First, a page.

Disney has always been famous for capturing people’s imagination and transporting them into a world distinctly different to their own. Basing films on their own theme park rides simply adds to that inventiveness and originality. Disney’s latest action adventure, Tomorrowland: A World Beyond, throws you right slap bang in the middle of a sci-fi, fantasy universe shown to us by a young girl with dream’s and ambition and a mostly cranky George Clooney.
Through time and space, we witness a universe like no other – the world is known as Tomorrowland. As we follow Casey, Frank and robot Athena it is apparent through dazzling visual effects and sweeping shots that Disney’s magic is still well and truly alive.
Thankfully, this is a blockbuster that sets itself apart from the rest. Tomorrowland’s premise isn’t based on a novel or film but on a theme park attraction. A ride that consists of blasting off from space stations on Space Mountain, gives you the chance to be recruited as a space ranger by no other than Toy Story’s Buzz Lightyear, as well as training sessions in the art of the Jedi.
A popular attraction for young boys and girls indeed and one that certainly inspires imagination. It seems an ongoing theme that Disney have started transforming their Disney Park attractions into films for the silver screen. The most famous being the world-wide franchise of Pirate of the Caribbean.
Based on a ride of the same name opening way back in 1967, what better than to base a film on a dark and mysterious ride as this? Pirates and ships galore, allowing children and indeed adults to jump into a world of thievery, swashbuckling and not to mention the great boots and hats.
Spreading the idea over 4 films and a fifth due for release in 2017, it seems they picked a damn popular ride to spend money on in the film industry. That or Depp and Knightley drew the fans in…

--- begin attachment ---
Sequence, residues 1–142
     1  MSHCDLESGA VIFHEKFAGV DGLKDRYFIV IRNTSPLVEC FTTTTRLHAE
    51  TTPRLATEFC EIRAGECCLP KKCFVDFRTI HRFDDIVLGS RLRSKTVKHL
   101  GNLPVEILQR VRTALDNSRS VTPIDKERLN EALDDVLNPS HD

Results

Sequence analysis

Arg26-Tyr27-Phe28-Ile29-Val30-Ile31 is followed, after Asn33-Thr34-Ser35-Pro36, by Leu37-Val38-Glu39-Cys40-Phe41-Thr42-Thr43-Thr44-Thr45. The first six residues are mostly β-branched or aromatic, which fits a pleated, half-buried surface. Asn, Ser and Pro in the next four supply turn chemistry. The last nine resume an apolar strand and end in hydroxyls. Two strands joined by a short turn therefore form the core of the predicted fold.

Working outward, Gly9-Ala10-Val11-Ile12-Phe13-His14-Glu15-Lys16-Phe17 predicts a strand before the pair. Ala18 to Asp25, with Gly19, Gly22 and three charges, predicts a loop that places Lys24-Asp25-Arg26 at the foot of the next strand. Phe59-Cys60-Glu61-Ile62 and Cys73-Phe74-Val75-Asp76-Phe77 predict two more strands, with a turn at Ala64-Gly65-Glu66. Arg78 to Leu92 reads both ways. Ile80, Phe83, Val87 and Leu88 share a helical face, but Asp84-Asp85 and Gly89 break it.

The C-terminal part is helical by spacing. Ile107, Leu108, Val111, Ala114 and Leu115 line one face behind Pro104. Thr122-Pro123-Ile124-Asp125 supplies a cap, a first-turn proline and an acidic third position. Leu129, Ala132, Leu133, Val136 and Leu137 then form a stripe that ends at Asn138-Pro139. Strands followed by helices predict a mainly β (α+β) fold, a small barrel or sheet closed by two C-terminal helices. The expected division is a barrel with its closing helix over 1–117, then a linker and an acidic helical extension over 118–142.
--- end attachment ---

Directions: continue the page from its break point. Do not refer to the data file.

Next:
Another ride that launched into cinemas was The Haunted Mansion. Sadly, launched probably isn’t the best word and this was certainly not as successful as Pirates; yet some elements of the original ride still remain intact through Eddie Murphy’s screams and flaying arms.
Eerie, creaky houses and mazes have always been popular at theme parks and travelling fairgrounds so it’s no wonder the studio thought this would translate well on screen. Of course Disney’s trade mark is making films to capture children’s attention and this is exactly where this one fell down.
Perhaps done in a more adult tone, The Haunted Mansion would have hit the nail on the head, but it was a bit too scary to take the kids to in half term.
Sci-fi tale Mission to Mars is actually based on a part of the world of Tomorrowland, originally known as Rocket to the Moon. Closing down in 1992 just before a controversial attraction named ExtraTERRORestrial Alien Encounter was about to be launched, the studio decided to put a slant on it and produce a film.
Following the classic format of space action, disaster we know so well, Gary Sinise and Tim Robbins are on a mission to save any remaining survivors on a space mission gone terribly wrong. Disney have also touched on The Country Bears and adapted Tower of Terror for TV in 1997 starring a very young Kirsten Dunst.
Disney has picked up on a great opportunity here and one’s imagination gets carried away with thoughts of what our favorite rides would turn into if they were adapted for film.
Creator of hit TV series Lost Damon Lindelof lends his off the wall story-telling to Tomorrowland creating a very enticing and enjoyable futuristic tale of a girl in hope for something greater than the world we are destroying so rapidly and not really enforcing anything to reverse the damage. An inspiring film with a touching meaning.
Catch Tomorrowland in Cinemas this Friday 22nd May.